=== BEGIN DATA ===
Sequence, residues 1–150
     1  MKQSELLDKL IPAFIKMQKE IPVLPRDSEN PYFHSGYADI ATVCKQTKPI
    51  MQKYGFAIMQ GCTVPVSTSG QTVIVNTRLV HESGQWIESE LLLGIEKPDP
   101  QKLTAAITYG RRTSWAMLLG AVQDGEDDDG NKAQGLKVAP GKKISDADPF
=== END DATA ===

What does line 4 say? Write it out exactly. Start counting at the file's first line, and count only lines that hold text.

   101  QKLTAAITYG RRTSWAMLLG AVQDGEDDDG NKAQGLKVAP GKKISDADPF